Green Building Goes to School
Education has long been one of the major pillars of a healthy society. And in recent years, the link between a healthy learning environment and the actual learning process has risen in prominence among parents and educators alike. Not unlike the connection between green building and productivity, it is argued that kids can’t learn when they’re in a building that isn’t conducive to their health.
For instance, the use of natural light has an impact on mood which to me can be something of a health issue, is a simple yet important aspect to better encourage the learning process. And as for air quality, and how important it is to minimizing illness (and therefore maximizing the time students actually spend in school), the importance of environment in this context is crucial.
Yet, the issue of student heath is only one aspect. The education of students extends to the greater environment too, and on global issues on which the very design and construction of schools and other buildings have enormous impact. In this respect, there is a need for consciousness-raising at an early stage while children are still in school to impact the policies of the future when it comes to green building and related environmental issues.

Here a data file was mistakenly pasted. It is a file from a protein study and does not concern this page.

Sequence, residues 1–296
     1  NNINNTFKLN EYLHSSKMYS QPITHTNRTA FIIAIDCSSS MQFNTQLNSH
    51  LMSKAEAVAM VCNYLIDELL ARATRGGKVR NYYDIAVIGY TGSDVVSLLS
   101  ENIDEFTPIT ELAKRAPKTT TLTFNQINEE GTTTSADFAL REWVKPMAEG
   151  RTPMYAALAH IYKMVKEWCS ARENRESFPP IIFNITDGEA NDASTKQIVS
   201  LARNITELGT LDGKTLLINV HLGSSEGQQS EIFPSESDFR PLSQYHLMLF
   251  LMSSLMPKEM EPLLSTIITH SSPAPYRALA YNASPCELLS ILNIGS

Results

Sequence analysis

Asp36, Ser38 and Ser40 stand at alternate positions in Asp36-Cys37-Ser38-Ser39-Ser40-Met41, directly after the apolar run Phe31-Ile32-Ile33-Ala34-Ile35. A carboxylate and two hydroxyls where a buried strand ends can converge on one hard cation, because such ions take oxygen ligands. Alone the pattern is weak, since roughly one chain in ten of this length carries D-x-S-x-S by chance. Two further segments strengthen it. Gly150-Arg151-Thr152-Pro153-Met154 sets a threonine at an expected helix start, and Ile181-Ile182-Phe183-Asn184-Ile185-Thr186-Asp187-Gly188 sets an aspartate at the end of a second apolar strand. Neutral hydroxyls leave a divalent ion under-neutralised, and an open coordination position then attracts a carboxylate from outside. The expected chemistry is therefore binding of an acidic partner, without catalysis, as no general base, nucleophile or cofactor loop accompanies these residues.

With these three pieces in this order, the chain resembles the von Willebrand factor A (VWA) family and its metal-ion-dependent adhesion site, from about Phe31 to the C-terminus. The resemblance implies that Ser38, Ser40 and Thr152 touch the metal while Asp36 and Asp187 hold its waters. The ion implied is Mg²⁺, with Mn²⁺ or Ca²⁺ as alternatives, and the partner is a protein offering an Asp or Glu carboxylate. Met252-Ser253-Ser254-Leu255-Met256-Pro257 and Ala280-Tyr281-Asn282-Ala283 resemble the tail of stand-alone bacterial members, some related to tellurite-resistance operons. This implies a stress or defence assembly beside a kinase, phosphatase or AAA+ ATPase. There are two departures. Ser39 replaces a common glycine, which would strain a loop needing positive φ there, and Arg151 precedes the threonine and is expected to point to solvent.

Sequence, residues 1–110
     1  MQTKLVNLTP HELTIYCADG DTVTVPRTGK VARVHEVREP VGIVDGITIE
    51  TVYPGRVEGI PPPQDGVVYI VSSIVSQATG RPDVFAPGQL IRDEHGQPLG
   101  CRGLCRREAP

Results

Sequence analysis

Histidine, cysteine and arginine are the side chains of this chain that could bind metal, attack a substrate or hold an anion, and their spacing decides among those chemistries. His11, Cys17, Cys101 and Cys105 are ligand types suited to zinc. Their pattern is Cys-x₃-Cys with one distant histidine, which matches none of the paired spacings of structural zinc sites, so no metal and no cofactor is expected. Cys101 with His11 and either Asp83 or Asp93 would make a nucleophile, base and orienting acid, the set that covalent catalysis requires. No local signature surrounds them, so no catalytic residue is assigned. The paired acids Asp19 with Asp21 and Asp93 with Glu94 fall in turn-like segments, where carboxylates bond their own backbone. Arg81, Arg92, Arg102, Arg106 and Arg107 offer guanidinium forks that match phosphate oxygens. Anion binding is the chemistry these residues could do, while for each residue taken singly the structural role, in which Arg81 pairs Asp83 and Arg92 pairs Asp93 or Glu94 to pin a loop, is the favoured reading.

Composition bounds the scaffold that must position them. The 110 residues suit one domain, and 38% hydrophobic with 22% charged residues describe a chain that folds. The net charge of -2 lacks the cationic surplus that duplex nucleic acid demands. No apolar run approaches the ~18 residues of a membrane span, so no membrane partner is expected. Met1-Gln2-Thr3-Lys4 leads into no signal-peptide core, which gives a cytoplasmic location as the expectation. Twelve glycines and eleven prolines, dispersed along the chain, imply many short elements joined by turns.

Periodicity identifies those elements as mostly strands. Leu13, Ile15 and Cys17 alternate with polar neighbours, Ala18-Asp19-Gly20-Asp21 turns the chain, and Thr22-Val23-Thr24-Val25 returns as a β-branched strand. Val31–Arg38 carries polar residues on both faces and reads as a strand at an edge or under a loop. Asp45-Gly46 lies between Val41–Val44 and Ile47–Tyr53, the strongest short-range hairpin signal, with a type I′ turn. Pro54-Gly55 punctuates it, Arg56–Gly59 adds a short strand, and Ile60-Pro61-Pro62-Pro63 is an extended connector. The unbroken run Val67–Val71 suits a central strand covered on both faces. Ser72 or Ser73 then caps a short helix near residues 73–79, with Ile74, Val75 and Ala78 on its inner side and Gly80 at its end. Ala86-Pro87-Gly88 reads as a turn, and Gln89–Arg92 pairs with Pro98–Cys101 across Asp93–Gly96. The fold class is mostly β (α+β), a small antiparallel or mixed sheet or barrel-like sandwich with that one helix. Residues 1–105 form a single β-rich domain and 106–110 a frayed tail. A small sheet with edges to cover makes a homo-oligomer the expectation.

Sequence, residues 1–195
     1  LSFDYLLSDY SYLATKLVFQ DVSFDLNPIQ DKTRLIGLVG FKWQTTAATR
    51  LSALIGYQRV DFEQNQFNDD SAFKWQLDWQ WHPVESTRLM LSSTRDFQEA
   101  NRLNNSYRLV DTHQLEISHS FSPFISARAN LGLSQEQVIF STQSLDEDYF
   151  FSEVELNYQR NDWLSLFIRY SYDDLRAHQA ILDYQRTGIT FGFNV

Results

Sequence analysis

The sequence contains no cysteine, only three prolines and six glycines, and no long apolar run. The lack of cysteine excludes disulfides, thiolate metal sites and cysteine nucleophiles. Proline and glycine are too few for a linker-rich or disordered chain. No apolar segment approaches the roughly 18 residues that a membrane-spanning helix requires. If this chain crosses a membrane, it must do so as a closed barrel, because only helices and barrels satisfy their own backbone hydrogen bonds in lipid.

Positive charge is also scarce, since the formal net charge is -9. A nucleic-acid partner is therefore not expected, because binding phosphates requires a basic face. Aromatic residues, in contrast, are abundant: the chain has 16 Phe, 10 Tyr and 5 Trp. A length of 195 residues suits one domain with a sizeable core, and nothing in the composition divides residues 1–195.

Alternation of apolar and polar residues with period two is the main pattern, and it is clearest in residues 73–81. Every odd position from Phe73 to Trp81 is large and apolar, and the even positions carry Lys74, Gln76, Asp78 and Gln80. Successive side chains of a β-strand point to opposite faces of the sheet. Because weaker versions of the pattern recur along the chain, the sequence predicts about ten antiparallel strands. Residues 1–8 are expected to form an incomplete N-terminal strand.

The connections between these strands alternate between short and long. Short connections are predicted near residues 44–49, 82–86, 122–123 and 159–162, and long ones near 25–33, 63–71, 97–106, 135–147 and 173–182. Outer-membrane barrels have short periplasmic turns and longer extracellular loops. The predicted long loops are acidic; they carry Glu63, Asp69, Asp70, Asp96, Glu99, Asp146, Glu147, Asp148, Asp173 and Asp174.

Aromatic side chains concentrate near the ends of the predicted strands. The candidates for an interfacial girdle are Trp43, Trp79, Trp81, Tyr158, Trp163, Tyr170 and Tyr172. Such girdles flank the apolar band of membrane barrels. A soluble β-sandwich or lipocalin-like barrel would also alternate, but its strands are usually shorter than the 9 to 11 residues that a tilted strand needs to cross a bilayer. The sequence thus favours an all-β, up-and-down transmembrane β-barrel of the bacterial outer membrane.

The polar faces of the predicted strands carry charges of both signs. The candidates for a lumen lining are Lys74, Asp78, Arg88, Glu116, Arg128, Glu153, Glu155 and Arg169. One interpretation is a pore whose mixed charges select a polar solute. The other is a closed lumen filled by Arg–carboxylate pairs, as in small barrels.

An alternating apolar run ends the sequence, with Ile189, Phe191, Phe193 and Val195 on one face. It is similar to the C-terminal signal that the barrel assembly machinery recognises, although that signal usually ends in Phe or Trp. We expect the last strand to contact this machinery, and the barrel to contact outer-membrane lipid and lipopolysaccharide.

It is incredible that there have been so many disconnects when it comes to health, to diet, and to sustainability in modern culture. All of these areas of life are intertwined. Yet understanding the connection between our impact on the environment, how the environment we’ve created in schools and in other built up areas impacts us seems to be the best way to shift approaches when it comes to development and construction.
In this, green building isn’t merely a trending series of practices. And it isn’t merely the exploration of a new avenue to stimulate a flagging economy. It certainly is both of those things. But in general summary, green building represents an acknowledgment that resources are limited, and that planning around long-term consequences, both good and bad, should be built in to any design and construction process.
Clearly, a good way to ensure that this paradigm shift happens, is to encourage that mindset with children in school. And not just by talking at them in school, but by demonstrating it by embodying the principles in the very school building in which they are learning about it.
To find out more about Green Schools and in the promotion of environmental issues in education, check out the Green Schools Initiative website.